What is Being on Time?

There is a time for everything,
    and a season for every activity under the heavens:
    a time to be born and a time to die,
    a time to plant and a time to uproot,
    a time to kill and a time to heal,
    a time to tear down and a time to build,
    a time to weep and a time to laugh,
    a time to mourn and a time to dance,
    a time to scatter stones and a time to gather them,
    a time to embrace and a time to refrain from embracing,
    a time to search and a time to give up,
    a time to keep and a time to throw away,
    a time to tear and a time to mend,
    a time to be silent and a time to speak,
    a time to love and a time to hate,
    a time for war and a time for peace.

  • Ecclesiastes 3:1-8

Then one of them said, “I will surely return to you about this time next year, and Sarah your wife will have a son.”

  • Genesis 18:10

At that time those slain by the Lord will be everywhere—from one end of the earth to the other. They will not be mourned or gathered up or buried, but will be like dung lying on the ground.

  • Jeremiah 25:33

A person finds joy in giving an apt reply— and how good is a timely word!

  • Proverbs 15:23

I hope the last Scripture above applies to this post, but maybe not.  The “time” in Ecclesiastes is a general time, and maybe the visitor that Abraham was greeting was referring to roughly the same time of year, maybe the same season.  Jeremiah’s time might be very specific based on when God’s wrath would be meted out, but none, probably, refer to the hour or the minute.

I do not know if it is just a sign of the times regarding “time”, but it seems no one respects the clock anymore.  Of course, with daylight savings time having just started about two weeks ago, so maybe people think that time is as relative as truth.  No, neither are relative, within your present time zone.  But it is hard following that argument when people show up to work late and they leave early to make up for it.  You are just cheating your employer when you do that.

Why did this come to mind?  I was driving my wife to dialysis the other day and one aggressive driver after another passed us, running through stop signs and red lights, switching lanes like a maniac, in an all-fired hurry to get to work by 7:00am, but it was already 7:05am.  My wife’s dialysis starts about 7:20am, so we were running a little later than usual.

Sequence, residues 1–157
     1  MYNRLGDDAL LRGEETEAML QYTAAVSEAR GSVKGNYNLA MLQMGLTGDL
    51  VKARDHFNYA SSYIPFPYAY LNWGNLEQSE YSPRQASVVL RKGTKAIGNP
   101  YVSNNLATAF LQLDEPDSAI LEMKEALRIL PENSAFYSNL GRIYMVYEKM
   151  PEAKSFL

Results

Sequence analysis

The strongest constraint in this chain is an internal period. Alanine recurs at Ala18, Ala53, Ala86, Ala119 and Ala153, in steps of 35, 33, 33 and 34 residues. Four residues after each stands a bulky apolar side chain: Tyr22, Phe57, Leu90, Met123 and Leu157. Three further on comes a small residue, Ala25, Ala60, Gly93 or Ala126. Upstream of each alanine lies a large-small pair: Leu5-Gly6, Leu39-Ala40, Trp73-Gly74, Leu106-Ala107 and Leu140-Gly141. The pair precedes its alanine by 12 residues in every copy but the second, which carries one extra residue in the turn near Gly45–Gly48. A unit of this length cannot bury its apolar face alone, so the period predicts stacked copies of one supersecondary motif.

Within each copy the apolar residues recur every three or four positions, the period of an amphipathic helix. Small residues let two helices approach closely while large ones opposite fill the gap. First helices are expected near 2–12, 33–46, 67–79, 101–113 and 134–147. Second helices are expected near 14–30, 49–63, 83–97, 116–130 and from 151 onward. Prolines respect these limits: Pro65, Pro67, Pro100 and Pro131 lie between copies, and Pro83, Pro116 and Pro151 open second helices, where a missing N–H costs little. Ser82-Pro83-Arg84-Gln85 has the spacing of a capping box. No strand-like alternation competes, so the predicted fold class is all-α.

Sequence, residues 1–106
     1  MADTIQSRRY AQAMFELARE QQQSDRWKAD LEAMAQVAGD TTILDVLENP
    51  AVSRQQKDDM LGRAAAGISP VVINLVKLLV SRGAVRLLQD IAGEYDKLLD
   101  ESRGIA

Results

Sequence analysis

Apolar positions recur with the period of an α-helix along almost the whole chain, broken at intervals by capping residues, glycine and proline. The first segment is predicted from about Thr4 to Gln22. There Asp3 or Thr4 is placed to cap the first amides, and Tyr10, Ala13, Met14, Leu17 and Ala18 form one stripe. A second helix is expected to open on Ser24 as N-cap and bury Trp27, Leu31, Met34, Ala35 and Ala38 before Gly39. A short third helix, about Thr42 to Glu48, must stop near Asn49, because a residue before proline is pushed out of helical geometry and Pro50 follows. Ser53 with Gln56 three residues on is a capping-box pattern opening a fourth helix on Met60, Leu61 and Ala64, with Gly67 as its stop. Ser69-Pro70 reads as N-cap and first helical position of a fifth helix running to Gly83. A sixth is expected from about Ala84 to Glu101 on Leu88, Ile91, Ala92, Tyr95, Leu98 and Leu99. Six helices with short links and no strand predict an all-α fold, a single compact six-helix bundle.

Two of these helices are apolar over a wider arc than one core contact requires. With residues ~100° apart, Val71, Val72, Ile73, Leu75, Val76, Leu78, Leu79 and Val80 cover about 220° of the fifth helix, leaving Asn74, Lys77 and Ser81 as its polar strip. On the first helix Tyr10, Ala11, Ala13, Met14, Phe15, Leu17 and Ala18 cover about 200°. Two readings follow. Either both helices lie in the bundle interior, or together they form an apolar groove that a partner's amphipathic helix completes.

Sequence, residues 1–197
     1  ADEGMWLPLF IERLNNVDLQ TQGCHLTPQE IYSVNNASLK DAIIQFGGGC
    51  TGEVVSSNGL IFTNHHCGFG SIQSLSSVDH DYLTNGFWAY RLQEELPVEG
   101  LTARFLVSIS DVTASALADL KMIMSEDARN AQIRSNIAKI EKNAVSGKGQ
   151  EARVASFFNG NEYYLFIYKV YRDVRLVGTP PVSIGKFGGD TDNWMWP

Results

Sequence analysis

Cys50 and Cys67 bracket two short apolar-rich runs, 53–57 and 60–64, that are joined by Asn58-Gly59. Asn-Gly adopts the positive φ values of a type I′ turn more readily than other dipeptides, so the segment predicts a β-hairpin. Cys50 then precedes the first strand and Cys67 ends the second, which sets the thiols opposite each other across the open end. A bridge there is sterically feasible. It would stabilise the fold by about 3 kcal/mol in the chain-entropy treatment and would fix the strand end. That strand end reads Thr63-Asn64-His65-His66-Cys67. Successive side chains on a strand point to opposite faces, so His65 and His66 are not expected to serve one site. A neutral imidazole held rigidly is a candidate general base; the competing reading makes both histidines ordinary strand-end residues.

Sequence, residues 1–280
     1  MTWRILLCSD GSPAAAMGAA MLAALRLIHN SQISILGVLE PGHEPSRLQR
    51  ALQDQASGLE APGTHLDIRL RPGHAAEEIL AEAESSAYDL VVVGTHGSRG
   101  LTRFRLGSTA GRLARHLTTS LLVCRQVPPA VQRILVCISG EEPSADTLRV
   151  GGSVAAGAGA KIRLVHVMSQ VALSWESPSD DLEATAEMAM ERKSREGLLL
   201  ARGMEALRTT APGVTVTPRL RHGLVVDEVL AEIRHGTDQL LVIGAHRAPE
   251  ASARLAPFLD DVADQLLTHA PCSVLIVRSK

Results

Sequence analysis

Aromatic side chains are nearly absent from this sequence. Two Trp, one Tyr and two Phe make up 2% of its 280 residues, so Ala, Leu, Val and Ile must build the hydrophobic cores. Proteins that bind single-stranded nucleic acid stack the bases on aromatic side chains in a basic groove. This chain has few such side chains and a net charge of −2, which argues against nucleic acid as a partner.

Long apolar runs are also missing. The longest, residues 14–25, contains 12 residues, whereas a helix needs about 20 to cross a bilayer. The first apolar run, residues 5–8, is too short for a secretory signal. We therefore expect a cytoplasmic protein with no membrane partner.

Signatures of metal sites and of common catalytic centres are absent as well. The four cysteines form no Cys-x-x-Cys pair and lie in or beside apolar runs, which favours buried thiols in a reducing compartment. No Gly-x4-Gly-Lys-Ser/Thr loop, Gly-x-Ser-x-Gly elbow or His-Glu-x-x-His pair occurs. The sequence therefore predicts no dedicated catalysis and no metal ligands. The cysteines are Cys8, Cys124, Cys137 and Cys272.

Wait!  They were rushing to work to get there on time when they were already late?  Do they not know that the Flash, of comic book fame, is a fantasy and you cannot have time reverse itself by driving faster?  In the case of these people who were late to work, about triple the speed limit.

And wait again!  My wife and I were “late,” but we were fifteen minutes early?  Okay, we were late because we were not already at our destination fifteen minutes early, thus late.

I was raised by a domineering mother who was old school when it came to time.  Time was always analog and always rounded off to the nearest fifteen minutes.  All other times, like five minutes ‘til the hour, were unacceptable.  She taught us to be early.  If you were not fifteen minutes, or more, early, you were late.

Not that long ago, there was a coach for the New York Giants NFL team that required everyone to be seated in their seats for the meeting fifteen minutes before the meeting was to begin.  Several stars on the team, including a well-known television personality of today, jokingly on every daytime television show and some primetime shows, decided that on time was on time.  They were fined.  The joke of having to be fifteen minutes early to be on time was the big joke of the day, even among people who were not football fans.  I did not laugh, because that was how I was raised.  Then I spent four years in the military, and a few in the Reserves.  “Hurry up and wait” is a way of life there.  It makes perfectly good sense to me that fifteen minutes early is on time.

For several years, I worked at a secret facility in a southeastern state of the USA.  There were thousands of people that worked there, so I arrived at work 45 minutes early to avoid the traffic.  I left thirty minutes late for the same reason.  My mean old boss would not allow for flex time so that I could leave 45 minutes early and avoid the traffic.  I worked out a deal with the other early bird.  I would turn on all the lights in the common areas and he would get the coffee started.  They never trusted me with the coffee since I did not drink it.  But our boss’ boss put out an edict for the remaining people in the department who got to work roughly on time.  He said that work starts after your second cup of coffee, when you are at your desk, and you have cleared the morning mail from it.  In other words, he wanted to pay you for eight hours worked, not eight hours minus coffee time and gossip time and reading the junk mail time.  Being a secret facility, newspapers were forbidden and having one on your person, forget reading it, would get you fired and investigated by the FBI.  Also, no radios and no televisions.  It was thought that someone who was enterprising could reverse engineer such devises to send secret information out instead of just receiving.  I think the newspaper was just encouraging people to not waste their time at work, but it would be easy to hide secret documents in a rolled-up newspaper that the guard would not have time to search page by page.  Yes, they looked through your briefcase every day going in and out.